The Complainant has registered the trademark ELECTROLUX as a word mark and as a device mark in several classes in more than 150 countries. The Complainant owns among others the following trademark registrations:
U.S. Trademark Registration No. 0908002 ELECTROLUX, filing date of November 10, 1969, covering goods and services in Int. Class 21
European Community Trademark No. 000077925 ELECTROLUX, filing date of April 1, 1996, covering goods and services in Int. Classes 3, 7, 8, 9, 11, 16, 20, 21, 35 and 37.
The Complainant owns also several hundreds of ELECTROLUX - Domain Names such as <electrolux.com>, <electrolux.net>, <electrolux.info>, <electrolux.org> and <electrolux.com.br>.
The Respondent registered the disputed domain names on October 28, 2010 and November 5, 2011. The disputed domain name <servicio-tecnico-electrolux.com> resolves to a parking website. This site contains several links in apparently Swedish language where the word ELECTROLUX is written in a prominent way. It appears that the links will guide the Internet user to websites of stores offering among others Electrolux products.
The other disputed domain name, <serivicotecnico-electrolux.com>, resolves to a website where the ELECTROLUX logo has been displayed in a prominent way as well as pictures of two of the Complainant’s products. In Spanish language it is written that the website owner is a non - official technical support service provider for Electrolux products in Mallorca, Spain (“Servicio Técnico extra Oficial de Fabricante Electrolux en Mallorca”) which, however, does not offer services for areas and problems covered by the Complainant product warranty policy. Furthermore, it is written on the website that the owner of this website is a serious company which employees have a qualification to repair the Complainant’s products and that such services have satisfied customers for many years.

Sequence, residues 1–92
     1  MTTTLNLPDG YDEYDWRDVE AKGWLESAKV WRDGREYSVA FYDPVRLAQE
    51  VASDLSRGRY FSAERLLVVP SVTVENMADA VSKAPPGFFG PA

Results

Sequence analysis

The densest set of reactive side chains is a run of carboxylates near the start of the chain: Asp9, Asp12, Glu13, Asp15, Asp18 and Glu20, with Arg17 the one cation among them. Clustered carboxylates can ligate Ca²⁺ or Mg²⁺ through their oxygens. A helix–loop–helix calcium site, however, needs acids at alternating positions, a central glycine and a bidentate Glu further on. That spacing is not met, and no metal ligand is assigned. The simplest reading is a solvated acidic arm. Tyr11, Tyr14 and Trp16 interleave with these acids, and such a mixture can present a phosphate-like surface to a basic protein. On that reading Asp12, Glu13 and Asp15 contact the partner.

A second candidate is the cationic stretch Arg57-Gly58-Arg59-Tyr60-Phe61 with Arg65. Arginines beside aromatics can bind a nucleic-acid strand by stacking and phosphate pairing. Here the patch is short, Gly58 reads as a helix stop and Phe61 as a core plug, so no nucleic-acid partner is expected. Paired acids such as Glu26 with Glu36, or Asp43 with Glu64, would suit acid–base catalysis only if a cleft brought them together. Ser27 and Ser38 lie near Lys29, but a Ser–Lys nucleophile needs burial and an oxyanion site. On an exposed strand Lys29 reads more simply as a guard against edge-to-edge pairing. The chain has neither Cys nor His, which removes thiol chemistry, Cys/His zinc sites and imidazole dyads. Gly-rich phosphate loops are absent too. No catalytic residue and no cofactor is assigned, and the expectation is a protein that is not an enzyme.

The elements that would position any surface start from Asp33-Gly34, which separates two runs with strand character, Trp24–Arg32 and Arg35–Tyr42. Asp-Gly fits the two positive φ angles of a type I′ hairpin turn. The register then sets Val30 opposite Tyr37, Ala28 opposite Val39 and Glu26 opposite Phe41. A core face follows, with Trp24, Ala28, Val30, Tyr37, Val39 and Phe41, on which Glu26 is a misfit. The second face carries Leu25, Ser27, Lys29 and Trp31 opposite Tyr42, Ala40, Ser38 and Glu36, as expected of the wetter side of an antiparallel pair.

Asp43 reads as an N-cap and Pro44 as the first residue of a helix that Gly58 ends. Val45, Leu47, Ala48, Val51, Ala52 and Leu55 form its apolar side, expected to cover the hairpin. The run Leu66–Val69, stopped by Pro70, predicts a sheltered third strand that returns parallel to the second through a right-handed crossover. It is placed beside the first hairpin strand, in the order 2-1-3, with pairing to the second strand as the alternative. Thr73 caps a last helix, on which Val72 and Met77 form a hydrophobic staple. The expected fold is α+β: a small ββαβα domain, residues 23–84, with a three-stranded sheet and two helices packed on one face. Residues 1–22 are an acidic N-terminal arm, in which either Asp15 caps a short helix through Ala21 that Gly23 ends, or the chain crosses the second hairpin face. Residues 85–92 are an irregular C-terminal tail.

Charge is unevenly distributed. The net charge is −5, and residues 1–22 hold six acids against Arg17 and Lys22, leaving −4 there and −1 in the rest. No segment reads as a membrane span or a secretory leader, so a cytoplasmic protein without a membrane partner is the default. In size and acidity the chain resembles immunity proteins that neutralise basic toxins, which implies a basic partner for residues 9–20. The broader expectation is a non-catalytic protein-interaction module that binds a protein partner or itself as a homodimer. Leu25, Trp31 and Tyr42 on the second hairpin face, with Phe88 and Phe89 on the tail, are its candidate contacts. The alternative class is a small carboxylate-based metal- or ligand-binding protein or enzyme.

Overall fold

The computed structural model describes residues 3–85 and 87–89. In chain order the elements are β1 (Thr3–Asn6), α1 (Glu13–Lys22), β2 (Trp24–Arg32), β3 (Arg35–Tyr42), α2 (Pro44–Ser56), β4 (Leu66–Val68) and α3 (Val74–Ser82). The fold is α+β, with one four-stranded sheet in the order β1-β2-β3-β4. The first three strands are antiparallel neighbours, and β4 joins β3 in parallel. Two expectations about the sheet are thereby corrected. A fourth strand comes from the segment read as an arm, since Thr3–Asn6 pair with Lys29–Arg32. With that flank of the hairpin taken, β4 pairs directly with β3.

The Complainant sent a cease and desist letter to the Respondent on February 24, 2011. The Respondent was asked for a voluntary transfer of the disputed domain names in exchange of a compensation for the expenses for registration and transfer of these domain names. The Respondent replied with the words “veta a la mierda” (which means “fuck” in English). The Complainant sent a second cease and desist letter on March 1, 2011 to which the Respondent did not make any reply.
5. Parties’ Contentions